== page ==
Fit can be as important as knowledge when it comes to doing a job well. The trouble is, it can be tough to evaluate how a prospective employee will fit into an organization based on an interview.
For that reason, some mutual fund and annuity firms are taking steps to use psychological testing to help evaluate whether a prospective employee will mesh with their firms.
Testing provides a method of going beyond the traditional interview and reference checks to learn more about a candidate, according to executives who use testing for prospective employees. And testing can help distinguish candidates who might otherwise appear equally qualified, according to fund and annuity executives.
"It gives you another angle of approach," said Matt Connors, a managing director in the Baltimore office of Deutsche Asset Management of New York. "It gives you some other way of judging."
Connors uses a form of testing known as behavioral profiling that the executive recruiting firm of DAK Associates of Conshohocken, Pa. administers as part of its searches for prospective employees. The test, which can be completed in less than 10 minutes, asks test takers to rate themselves for characteristics such as congeniality, aggressiveness and optimism. Job seekers are then asked to say how others expect them to act with respect to the same characteristics.
The results are analyzed and help identify individuals with respect to four personality types that can best be described as driven, persuasive, persistent or analytical. The employer then compares the test results to his expectations of the type of personality that will work best in the job.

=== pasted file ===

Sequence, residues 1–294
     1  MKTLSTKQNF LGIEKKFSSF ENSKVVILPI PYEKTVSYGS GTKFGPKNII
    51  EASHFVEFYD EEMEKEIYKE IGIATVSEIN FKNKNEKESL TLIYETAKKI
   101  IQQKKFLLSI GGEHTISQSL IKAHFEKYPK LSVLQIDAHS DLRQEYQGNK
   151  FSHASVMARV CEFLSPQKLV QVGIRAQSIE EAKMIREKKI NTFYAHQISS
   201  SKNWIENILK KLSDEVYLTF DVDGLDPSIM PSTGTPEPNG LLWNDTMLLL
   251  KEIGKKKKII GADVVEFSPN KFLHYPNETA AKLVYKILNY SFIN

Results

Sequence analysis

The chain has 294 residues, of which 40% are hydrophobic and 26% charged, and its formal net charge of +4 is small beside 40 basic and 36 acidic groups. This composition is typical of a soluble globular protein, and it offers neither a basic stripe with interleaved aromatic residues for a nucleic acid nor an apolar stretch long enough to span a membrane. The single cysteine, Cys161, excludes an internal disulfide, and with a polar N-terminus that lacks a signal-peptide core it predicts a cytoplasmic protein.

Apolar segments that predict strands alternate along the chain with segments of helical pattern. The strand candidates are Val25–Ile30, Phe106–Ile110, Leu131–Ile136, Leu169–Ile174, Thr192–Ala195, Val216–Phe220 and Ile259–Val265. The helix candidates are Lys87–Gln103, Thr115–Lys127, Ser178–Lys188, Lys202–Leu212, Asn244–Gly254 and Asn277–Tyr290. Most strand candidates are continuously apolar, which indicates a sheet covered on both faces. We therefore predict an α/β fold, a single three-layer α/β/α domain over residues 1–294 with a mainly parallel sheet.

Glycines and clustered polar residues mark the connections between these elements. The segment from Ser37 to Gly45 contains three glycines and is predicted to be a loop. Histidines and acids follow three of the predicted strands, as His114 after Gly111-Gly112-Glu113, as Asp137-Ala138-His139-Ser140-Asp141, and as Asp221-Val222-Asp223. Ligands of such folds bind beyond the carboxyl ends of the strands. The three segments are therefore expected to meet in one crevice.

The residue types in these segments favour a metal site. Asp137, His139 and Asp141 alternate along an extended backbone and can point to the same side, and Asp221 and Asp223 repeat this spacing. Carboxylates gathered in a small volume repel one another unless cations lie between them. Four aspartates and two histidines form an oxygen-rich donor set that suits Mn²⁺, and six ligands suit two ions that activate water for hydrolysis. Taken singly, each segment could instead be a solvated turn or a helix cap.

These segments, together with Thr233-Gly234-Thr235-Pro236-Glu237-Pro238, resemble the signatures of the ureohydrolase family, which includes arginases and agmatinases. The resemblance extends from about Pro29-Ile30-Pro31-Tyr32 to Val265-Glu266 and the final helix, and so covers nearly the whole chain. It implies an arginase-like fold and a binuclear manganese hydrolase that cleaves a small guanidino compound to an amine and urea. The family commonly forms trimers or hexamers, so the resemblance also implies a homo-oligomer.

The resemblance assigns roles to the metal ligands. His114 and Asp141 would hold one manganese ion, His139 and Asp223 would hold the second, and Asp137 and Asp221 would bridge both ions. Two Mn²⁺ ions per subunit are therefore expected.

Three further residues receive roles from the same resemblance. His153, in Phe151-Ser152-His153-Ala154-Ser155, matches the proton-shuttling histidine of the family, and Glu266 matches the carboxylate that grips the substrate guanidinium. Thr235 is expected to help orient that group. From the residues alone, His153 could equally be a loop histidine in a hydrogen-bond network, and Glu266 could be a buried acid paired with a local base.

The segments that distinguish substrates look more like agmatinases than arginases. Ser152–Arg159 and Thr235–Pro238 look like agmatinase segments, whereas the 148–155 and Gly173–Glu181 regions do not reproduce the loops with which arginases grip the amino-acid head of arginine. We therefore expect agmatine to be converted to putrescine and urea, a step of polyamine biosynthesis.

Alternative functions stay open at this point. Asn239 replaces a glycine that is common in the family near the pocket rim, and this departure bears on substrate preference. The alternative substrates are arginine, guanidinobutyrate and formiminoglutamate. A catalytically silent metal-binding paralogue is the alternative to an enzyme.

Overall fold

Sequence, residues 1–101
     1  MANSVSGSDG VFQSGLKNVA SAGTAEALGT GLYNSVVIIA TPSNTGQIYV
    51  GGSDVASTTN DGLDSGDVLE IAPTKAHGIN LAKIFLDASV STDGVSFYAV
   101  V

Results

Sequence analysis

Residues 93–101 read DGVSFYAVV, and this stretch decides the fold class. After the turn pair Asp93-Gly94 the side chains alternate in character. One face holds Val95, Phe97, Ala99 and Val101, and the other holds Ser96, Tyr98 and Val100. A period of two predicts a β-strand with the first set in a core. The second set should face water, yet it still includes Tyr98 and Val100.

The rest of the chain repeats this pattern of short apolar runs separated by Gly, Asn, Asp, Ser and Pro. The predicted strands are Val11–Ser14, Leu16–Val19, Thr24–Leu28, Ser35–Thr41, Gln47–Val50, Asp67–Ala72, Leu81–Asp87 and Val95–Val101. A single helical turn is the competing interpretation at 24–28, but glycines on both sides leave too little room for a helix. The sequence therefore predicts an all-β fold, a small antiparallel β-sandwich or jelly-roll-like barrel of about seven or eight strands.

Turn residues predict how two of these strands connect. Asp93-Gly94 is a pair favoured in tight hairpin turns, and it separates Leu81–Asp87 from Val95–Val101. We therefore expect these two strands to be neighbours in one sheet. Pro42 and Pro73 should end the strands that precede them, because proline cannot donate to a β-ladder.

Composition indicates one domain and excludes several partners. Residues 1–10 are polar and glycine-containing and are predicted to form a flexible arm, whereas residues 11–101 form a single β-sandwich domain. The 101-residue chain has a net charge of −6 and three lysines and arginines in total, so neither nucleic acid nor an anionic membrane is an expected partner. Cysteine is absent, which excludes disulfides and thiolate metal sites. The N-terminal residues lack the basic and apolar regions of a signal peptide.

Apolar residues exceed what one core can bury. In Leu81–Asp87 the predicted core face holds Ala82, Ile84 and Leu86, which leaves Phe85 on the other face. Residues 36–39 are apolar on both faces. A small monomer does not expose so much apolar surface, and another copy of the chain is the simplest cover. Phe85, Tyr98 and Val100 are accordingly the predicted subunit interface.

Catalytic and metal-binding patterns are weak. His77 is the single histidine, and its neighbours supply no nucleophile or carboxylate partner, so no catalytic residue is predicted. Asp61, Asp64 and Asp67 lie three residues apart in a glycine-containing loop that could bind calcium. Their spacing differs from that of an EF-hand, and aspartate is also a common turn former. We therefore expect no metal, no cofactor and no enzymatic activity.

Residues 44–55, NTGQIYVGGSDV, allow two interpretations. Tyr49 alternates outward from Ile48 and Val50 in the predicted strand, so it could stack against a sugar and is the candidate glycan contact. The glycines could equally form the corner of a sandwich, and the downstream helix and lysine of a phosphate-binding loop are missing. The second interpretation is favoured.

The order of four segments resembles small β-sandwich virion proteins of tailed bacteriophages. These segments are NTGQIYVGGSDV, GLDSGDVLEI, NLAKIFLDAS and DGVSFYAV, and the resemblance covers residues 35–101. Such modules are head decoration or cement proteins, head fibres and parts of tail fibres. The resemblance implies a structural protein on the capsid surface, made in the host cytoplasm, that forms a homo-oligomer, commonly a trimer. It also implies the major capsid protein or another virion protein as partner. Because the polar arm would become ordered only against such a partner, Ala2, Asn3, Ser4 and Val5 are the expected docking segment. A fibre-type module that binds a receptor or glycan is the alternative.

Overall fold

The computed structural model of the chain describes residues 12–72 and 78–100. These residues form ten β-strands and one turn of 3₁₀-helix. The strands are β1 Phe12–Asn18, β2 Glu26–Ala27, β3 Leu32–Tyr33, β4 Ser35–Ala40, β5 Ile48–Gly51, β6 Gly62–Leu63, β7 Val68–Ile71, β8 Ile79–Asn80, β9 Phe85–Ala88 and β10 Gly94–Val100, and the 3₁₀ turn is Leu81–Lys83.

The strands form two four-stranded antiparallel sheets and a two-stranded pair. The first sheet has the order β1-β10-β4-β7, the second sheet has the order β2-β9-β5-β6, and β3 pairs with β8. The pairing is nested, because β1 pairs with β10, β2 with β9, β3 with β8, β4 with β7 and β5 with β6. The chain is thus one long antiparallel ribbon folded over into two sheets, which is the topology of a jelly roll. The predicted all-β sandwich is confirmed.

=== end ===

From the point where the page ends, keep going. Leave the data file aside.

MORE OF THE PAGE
The test is only one ingredient in trying to place an executive with a financial services firm, said Daniel A. Kreuter, president of DAK. Some firms pay little attention to the test results and others view it as an important ingredient in assessing a candidate, Kreuter said.
Andy Reiss, national sales manager for New York Life Insurance & Annuity Corp. of New York, said he has been using DAK's testing method for more than two years. The test results do not drive a hiring decision, but can be a deciding factor when two candidates appear essentially equal, Reiss said.
Whatever benefits psychological testing provides, this is a tough market for it, according to some executive recruiters. Often candidates can afford to refuse to take such tests because demand for employees is so high, some executive recruiters said.
"It's difficult enough to attract good people," said Joseph Preston, president of Preston & Co. of Clinton, N.J., a financial services executive search firm. Companies often are skeptical about the value of such testing, Preston said.
Indeed, although some companies conduct psychological testing for prospective employees, there is no broad demand for it, said Kimberly A. Raynor, an executive director in the Boston office of Russell Reynolds Associates of New York, an executive search firm. Recruiters can evaluate a prospective employee's fit by knowing the employer, meeting with a candidate and talking to the candidate's references and industry peers, Raynor said.
Testing can do more than just aid in recruiting, however, according to Connors. The approximately 30 wholesalers on Connors' staff have taken the DAK test. Armed with a profile of the employees' personalities, Connors said he is better able to tailor communications and manage employees. Over the long term, Connors believes use of the profiles helps employee retention and morale.